supporting staff. Chapter 5). Schicht. Washing and sterilising operations Costly dishwashing machines for cleaning the culture containers should be replaced by manual washing if labour is relatively inexpensive. supervisors and the researchers. Chapter 4). commercial production has to be backed by well defined working procedures and monitoring performance of the operation. Glass bead sterilizers can be used to sterilize forceps and scalpels instead of the conventional flame sterilization using spirit lamps or gas cylinders. space utilisation and daily targets should be well defined. and therefore organising the availability of personnel is quite important. Instead of having one or two huge horizontal autoclaves. the management structure must be well planned. It is a normal practice to use costly aluminium foil for wrapping instruments for sterilisation. The careless handling of inflammables used for sterilization can be hazardous. Production planning Most plants are seasonal in demand. In small-scale laboratories. This lowers the unit cost of plant production. The job description and reporting system should be very clearly stated. Savings can also be made in media and containers (Cf. which are autoclavable. The washed culture containers can be dried in sun instead of costly hot air ovens. all of these can be autoclaved. 27 . In the absence of high cost systems. Ethanol for hand and workbench sterilization can be replaced by industrial spirit. Supporting information systems such as inventory control. The tissue culture laboratories in Cuba produce millions of tissue-cultured sugarcane. there should be good co-ordination among the technicians. such procedures will vary with the location (Bruderere and Luwa. 1985). Culture maintenance in growth rooms Plant cultures can be maintained in rooms with air conditioners and tube lights instead of highly priced plant growth chambers. Large-scale micropropagation is a labour-intensive process. which are much cheaper. however. stainless steel plates. Transfer operations Instead of Petri dishes as stage for manipulation of culture. personnel selection and training is critical for successful large-scale production. The production needs to be periodically reviewed to meet needs of the customers. the electrical lighting systems can be replaced by sunlight (Cf. Commercial laboratories should produce a range of plants for different seasons to maximise the use of the facilities throughout the year. To produce quality products on large-scale. In the tropical and Mediterranean regions. which keep the air cool. careful planning and appropriate design of the laboratory goes a long way in reducing contamination. In addition. To meet the requirements of extremely large number of plants. To reduce organisational problems in big units. which not only reduces the number of lights but also provides more uniform illumination to the cultures. This can be replaced by stainless steel containers. Commercial bleach has also been successfully used in several laboratories for bench and instrument sterilization to reduce cost. 1983. it is better to have more of smaller vertical autoclaves. The conventional method of downward illumination can be replaced by sidewise lighting systems.laboratory. the autoclaves can be replaced by large sized pressure cookers. ceramic tiles and brown wrapping paper can be used. which generate hot air pockets in the sterilising rooms. and to prevent fire hazard. pineapple and banana plants using natural light. production scheduling.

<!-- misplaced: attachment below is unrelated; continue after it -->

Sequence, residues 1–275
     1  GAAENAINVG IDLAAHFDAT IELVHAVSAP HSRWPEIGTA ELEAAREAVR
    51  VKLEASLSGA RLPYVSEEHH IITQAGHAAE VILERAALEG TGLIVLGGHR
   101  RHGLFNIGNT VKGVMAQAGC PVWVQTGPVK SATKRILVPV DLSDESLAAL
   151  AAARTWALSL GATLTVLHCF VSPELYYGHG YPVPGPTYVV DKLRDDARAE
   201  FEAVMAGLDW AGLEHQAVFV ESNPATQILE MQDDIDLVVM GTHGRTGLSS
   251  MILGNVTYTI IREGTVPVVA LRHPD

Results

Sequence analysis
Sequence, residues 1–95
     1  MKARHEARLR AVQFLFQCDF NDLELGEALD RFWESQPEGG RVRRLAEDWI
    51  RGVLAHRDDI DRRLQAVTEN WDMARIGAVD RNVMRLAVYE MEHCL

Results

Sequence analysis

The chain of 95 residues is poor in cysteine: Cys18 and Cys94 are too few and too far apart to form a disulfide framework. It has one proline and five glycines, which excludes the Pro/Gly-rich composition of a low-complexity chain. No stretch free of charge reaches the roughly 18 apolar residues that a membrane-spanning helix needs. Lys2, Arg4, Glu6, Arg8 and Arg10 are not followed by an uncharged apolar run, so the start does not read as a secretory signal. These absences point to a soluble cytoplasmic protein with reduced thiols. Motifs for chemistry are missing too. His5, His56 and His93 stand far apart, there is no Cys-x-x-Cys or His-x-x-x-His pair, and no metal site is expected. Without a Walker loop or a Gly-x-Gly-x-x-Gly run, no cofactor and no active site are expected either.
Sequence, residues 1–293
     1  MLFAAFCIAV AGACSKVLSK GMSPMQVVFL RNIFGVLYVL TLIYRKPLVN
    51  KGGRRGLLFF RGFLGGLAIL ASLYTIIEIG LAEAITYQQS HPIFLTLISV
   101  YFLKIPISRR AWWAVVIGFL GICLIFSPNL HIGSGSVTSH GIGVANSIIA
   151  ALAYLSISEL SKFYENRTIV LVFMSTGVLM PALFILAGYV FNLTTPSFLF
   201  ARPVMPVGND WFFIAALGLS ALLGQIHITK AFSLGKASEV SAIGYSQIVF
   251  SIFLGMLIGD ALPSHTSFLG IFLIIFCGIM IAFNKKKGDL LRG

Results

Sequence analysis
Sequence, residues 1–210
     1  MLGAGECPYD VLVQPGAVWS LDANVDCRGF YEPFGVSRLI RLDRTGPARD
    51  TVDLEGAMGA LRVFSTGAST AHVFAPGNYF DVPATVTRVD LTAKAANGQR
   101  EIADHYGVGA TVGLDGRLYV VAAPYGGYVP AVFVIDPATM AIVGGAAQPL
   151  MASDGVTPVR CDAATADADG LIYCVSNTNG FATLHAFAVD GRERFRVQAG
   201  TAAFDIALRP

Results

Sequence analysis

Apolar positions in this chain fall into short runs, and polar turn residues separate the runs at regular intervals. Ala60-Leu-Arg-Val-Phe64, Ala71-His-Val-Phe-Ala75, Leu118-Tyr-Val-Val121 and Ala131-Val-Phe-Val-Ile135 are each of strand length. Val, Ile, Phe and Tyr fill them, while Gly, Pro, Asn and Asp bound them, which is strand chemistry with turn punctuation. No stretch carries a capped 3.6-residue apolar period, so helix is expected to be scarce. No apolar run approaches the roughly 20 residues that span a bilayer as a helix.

Griesbach.. Proc. 5: 17-21. Ion Phy. Jr. An economic and efficient air distribution method for the establishment of clean working environment. Rep. 1993. thereby increasing the efficiency of the unit and achieving a high standard of work.5 million per year has been made from this unit by adopting various low cost alternatives. calla lily. and Bertok. 1983.5 million sugarcane plants annually. Pp.G. Swiss Pharma.H. 28 . 1996. Bangalore. big or small. Zimmerman. J. http://aggie-horticulture.H. In: Tissue Culture as a Plant Production System for Horticultural Crops. Asian Biotechnology and Biodiversity Farmer Centred Agriculture Resource Management (FARM) Programme. R. Laboratory Design. Biovillage Biotechnologies. 485-491. Techno.W. Dordrecht.edu/tissuecult/microprop/facilities/microlab.H. Significant cost reduction for large-scale production can be achieved with automation and mechanisation.J. Internal. 1985. In: Plant Propagation by Tissue Culture. Delivery of the tissue-cultured plants to the tune of 2. Ficus. Hammerschlag. Although. Similar tissue culture facilities.C. will help maintain asepsis. Pp. F. Bruderere. H.P. The capital costs of such automated systems have prevented their application.F.A. (Eds. J. India Schicht. A micropropagation company in India converted a three-room apartment into a medium-sized tissue culture laboratory. aptly called ‘bio-factories’. gerbera. were produced on a commercial scale. Equipment and Procedures. Syngonium. The Technology.tamu. O. Exegetics Limited. 1986. In Vitro International. Designing a plant micropropagation laboratory.95-126. The correct design of a laboratory. and Lawson. REFERENCES Bridgen. R. George. A. Plant such as Spathiphyllum. Prakash. UNDP/FAO/UNIDO. Plant Propagators Soc..Scale of operation The physical components required for the functioning of a commercial tissue culture laboratory can be either scaled up or down according to the interests of the propagator..html Broome. hosta. automation of certain steps of micropropagation has been investigated for the past 20 years. 37: 462-467.351-364. Clean room technology: The concept of tool environmental control for advanced countries. in villages of Cuba produce up to one million banana plants and 2. England. E. Appl. and cordyline. R. J.) Martinus Nijhoff. its commercial use has not been adopted. M. and Luwa. 1997.